Lewis didn’t have any money he couldn’t afford to take the trolley home. Since there weren’t enough hours in the day for Lewis to spend walking at a snail’s pace all the way to the poor people’s side of town, he had to run three and a half miles to get to his row of terraced housing. He stopped at house number 9, third house downtown. Finest house there is around.
To be honest, the house was a dump. It had once been a nice house, and very appealing to the eye. But over the years it had become neglected. The roof was sagging, the paint was chipping away and most of the windows were broken and covered with grime and bird droppings.
Lewis was sweating and had ran so hard that he collapsed on the front steps and laid still while he caught his breath. As he entered the house, he could smell the strong scent of feces mingled with stagnant urine. His mother was so crippled that she couldn’t stand up at all to use a proper toilet. She had to have a fildge pot attached to her wind up mobile recliner. It was Lewis’ job to empty it and since he was late getting home, it had filled higher than usual and smelled twice as bad.
“Hello mother,” said Lewis glumly as he grabbed a clean fildge pot from the lavatory.
“What took you so long getting home?” said Maleen Harvey in a worried tearful voice. “I was worried sick about you. I hate for you being out there all alone by yourself with so many lurches on the loose. I heard on the radio that three people got lurched over there by the school house. Oh. Oh. Oh. I hate for you to have to go so far away from home with so many lurches,” she said. Her lips were quivering because she had taken out her dentures.
Lewis rolled his eyes as his agoraphobic droned on and on about how lurches were everywhere and how he needed to be careful and yada yada yada…on and on and on…as usual.
Lewis didn’t believe in lurches[DF2] . He thought the whole thing about people who could suck the marrow from a person’s bones was completely ridiculous. In his opinion, lurches were right up there with aliens and fairy godmothers.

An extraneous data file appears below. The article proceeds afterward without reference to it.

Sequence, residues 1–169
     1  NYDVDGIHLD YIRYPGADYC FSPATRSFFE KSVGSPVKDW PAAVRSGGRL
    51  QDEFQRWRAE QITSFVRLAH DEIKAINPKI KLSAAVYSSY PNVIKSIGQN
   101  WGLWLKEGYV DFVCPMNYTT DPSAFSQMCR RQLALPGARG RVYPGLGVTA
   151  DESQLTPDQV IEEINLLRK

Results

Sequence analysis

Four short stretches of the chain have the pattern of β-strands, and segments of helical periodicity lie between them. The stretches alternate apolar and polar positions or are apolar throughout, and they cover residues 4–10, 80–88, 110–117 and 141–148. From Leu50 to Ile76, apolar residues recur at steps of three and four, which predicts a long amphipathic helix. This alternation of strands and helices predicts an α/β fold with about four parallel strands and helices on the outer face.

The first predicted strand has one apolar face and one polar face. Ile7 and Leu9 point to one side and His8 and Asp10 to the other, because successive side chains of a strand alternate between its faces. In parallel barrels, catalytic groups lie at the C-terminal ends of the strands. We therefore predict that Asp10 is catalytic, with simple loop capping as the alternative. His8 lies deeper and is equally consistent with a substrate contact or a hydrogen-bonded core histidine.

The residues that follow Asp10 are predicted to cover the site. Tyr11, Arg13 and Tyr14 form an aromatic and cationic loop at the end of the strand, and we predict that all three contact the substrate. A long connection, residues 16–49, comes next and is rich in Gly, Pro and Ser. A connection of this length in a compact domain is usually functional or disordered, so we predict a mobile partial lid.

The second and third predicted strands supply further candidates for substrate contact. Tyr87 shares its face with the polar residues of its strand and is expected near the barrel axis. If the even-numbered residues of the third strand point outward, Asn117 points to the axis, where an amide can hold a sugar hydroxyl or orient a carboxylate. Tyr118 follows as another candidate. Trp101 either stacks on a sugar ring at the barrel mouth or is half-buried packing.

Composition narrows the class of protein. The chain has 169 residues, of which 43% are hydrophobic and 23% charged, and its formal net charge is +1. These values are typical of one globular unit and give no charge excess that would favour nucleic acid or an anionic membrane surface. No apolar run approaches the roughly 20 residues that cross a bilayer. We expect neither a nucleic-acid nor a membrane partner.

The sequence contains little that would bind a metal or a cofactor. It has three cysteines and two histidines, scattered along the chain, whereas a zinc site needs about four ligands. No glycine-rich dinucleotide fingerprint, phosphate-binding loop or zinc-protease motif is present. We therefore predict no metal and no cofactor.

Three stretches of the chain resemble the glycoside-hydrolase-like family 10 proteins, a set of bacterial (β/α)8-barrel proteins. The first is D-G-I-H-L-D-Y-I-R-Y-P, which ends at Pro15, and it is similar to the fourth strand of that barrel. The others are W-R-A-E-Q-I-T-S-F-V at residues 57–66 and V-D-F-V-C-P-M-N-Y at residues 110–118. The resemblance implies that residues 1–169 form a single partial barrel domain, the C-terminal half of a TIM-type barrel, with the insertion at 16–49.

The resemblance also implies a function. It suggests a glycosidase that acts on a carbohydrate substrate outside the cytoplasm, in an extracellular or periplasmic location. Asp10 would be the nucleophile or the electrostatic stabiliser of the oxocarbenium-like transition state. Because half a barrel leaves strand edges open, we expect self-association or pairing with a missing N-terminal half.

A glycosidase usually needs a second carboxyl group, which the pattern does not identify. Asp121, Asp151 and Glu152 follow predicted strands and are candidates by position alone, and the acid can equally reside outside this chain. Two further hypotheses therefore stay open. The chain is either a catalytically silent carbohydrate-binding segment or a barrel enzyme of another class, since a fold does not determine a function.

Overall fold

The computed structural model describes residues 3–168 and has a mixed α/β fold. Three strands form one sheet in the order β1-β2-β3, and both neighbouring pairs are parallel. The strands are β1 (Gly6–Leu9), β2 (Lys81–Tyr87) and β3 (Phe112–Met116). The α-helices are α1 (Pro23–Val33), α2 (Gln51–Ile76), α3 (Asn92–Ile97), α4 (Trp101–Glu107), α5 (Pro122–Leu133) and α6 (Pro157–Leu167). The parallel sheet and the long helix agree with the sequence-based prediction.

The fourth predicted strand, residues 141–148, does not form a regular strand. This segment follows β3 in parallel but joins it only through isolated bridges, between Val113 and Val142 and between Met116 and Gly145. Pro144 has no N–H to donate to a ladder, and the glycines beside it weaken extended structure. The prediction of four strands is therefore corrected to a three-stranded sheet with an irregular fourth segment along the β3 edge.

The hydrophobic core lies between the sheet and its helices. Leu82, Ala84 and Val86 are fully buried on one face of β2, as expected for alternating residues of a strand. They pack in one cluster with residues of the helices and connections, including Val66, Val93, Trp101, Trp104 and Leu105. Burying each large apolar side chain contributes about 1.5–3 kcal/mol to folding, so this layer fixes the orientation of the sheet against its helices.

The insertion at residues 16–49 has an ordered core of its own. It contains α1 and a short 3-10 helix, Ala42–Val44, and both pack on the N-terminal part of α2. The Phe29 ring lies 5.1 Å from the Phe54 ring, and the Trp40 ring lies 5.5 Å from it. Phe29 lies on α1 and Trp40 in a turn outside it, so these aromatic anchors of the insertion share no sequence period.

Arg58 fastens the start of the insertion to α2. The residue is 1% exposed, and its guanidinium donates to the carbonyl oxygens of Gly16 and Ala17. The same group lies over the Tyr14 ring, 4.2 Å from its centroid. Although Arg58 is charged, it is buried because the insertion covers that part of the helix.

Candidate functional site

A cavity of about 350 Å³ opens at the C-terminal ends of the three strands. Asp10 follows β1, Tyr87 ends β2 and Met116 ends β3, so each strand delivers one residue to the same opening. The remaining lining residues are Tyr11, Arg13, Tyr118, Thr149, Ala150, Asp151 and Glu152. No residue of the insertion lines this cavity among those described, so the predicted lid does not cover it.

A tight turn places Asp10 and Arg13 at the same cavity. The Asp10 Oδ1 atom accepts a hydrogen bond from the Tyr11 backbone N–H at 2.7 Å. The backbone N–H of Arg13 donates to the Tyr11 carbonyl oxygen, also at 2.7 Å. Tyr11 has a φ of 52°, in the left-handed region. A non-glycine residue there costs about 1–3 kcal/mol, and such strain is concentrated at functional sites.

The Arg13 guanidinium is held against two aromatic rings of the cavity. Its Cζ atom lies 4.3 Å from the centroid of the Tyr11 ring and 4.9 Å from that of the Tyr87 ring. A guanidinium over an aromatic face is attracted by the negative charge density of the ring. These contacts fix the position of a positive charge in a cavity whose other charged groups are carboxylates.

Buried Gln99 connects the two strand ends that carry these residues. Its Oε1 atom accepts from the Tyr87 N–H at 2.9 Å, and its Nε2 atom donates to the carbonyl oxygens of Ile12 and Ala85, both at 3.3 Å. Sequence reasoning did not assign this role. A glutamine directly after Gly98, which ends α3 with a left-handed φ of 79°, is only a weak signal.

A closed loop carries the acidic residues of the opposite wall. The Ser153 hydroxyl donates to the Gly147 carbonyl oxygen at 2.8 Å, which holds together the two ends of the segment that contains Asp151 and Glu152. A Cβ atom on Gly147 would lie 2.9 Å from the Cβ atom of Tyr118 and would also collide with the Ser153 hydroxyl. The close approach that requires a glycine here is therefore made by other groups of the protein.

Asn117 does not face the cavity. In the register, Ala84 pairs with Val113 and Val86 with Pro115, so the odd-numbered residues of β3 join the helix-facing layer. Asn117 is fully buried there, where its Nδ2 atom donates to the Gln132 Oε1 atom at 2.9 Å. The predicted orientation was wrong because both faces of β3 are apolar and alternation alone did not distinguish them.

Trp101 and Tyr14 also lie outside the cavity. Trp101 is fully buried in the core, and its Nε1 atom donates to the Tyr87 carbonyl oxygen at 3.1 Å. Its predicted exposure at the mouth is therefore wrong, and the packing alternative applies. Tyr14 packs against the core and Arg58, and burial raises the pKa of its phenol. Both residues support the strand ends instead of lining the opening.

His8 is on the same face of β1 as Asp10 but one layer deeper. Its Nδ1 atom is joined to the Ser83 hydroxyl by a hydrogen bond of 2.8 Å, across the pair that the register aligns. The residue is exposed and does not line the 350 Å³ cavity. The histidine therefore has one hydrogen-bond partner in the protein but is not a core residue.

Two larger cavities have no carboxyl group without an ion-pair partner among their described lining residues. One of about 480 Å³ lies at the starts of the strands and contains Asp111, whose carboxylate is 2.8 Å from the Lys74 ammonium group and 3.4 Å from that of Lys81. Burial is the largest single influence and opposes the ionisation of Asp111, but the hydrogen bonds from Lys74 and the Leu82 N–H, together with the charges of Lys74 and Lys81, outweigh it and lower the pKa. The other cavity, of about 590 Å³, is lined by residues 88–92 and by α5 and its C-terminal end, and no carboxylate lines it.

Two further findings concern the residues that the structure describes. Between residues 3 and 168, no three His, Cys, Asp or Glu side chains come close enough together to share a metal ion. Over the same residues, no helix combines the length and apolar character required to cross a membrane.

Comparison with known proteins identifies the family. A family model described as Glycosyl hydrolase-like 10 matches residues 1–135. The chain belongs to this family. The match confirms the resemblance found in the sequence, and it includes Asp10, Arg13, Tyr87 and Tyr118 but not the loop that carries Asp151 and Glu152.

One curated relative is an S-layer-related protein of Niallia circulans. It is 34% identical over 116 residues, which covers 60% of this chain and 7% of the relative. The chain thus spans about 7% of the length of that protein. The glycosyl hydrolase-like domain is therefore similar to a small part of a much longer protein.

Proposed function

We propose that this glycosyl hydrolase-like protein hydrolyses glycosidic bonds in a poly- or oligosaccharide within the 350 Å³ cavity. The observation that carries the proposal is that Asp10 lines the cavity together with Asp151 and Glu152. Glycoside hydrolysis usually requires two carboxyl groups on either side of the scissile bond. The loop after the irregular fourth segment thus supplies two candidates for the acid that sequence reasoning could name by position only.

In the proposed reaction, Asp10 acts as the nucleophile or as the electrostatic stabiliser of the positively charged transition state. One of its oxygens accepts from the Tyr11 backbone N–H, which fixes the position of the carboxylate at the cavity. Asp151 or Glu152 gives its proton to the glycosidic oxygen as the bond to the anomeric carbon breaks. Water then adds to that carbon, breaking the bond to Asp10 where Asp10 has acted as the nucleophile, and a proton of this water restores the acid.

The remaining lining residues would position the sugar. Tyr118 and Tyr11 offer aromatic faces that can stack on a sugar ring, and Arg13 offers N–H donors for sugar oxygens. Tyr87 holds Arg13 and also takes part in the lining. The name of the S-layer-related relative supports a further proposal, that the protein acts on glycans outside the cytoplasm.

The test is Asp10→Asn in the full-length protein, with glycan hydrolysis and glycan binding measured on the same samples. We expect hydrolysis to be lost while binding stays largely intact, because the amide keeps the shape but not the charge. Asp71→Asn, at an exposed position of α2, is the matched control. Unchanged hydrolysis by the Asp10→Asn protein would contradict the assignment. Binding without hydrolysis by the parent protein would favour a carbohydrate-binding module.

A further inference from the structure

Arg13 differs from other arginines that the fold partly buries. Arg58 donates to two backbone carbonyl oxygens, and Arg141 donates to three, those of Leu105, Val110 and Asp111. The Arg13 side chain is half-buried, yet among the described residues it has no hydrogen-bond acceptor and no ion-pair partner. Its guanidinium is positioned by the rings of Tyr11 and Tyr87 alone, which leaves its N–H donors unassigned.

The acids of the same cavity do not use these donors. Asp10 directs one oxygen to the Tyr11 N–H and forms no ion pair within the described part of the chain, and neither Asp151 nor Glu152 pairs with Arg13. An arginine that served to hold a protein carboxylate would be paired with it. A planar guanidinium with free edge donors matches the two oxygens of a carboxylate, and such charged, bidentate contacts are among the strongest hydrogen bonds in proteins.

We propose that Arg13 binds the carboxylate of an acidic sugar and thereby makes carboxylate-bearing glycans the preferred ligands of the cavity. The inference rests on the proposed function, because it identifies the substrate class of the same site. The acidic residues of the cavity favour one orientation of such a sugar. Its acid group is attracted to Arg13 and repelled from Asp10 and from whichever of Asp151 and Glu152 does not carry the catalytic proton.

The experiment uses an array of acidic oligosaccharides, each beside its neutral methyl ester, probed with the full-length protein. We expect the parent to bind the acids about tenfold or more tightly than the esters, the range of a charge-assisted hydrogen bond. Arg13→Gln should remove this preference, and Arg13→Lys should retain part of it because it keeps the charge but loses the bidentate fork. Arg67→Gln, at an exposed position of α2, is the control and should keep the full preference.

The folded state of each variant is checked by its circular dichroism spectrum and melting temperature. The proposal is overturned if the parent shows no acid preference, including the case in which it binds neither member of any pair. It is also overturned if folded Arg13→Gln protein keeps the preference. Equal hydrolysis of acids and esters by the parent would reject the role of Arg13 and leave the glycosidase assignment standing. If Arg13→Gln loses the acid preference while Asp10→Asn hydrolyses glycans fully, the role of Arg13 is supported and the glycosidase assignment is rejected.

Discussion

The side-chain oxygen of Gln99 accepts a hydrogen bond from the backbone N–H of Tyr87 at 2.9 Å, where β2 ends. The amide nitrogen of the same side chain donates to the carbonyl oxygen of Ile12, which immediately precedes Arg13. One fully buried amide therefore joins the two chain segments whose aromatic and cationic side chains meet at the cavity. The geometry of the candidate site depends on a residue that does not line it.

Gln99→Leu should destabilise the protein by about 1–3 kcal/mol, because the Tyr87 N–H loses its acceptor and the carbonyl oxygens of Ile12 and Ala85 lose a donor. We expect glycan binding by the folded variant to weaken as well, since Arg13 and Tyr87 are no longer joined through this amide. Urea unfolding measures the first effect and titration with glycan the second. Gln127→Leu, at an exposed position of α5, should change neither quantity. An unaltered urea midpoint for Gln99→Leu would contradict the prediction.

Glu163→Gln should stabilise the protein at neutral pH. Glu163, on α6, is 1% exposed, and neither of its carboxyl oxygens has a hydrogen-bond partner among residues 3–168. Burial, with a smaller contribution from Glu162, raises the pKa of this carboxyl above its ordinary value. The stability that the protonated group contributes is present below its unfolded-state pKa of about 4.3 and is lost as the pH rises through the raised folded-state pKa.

The only thing he really feared at this moment was that overflowing fildge pot of hers. It was his job, though, and there wasn’t anyone around to pass the buck to. So he cringed, held his breath, and pulled out that disgusting overflowing pot of feces and urine.
The fildge pot sloshed around and some of it spilled onto Lewis’ hands as he carried to the lavatory. He gagged, coughed, and nearly barfed. The tempera battered frogs’ legs that Lewis had eaten at Zhon-Claude’s house started doing summersaults in his stomach and he had to cough to keep it down as he dumped it out into the toilet.
Lewis wound the crank on the toilet to make it go down and brought the pot back to put underneath his mother as soon as possible. He should have cleaned it out and rinsed it, but he didn’t because he didn’t want his mother to forget that the fildge pot was no longer attached to her seat, and do her business on the floor. She’d done that before and it was an absolute nightmare to clean up.
Maleen, was sitting in her automated mobile recliner trying to teach her fluffy blue-grey cat how to do a back flip, using a hypnotic feline training device called a limelight pen. She had the owner’s manual for the pen in one hand and was waving the limelight pen around in the air with the other. The mesmerized cat was sitting on a chair a few feet from her staring at the light in a cross eyed glare.
Maleen was sitting next to a very large crystal wave radio listening to a moonlight sonata when the music stopped.
“We interrupt this program to give you an important message from the Limelight Company,” said a very excited radio announcer.
“Ever since the beginning of time, people have tried to train their cats and failed miserably. Up until now. Now with the limelight pen, you can train your cat to do back flips, somersaults, and even fetch the newspaper. The highly hypnotic light the pen emits goes directly to the hyper pineal gland behind the retina allowing you to obtain total feline mind control.”
Lewis didn’t know who invented the limelight pen, but suspected that whoever it was must be incredibly wealthy. Everyone on the island had at least two limelight pens, and loved using them so much that they played with their cats day and night. Some people had become so obsessed with this new adventurous hobby of cat training that they quit their jobs, stopped brushing their teeth, and even stopped ironing their shirts.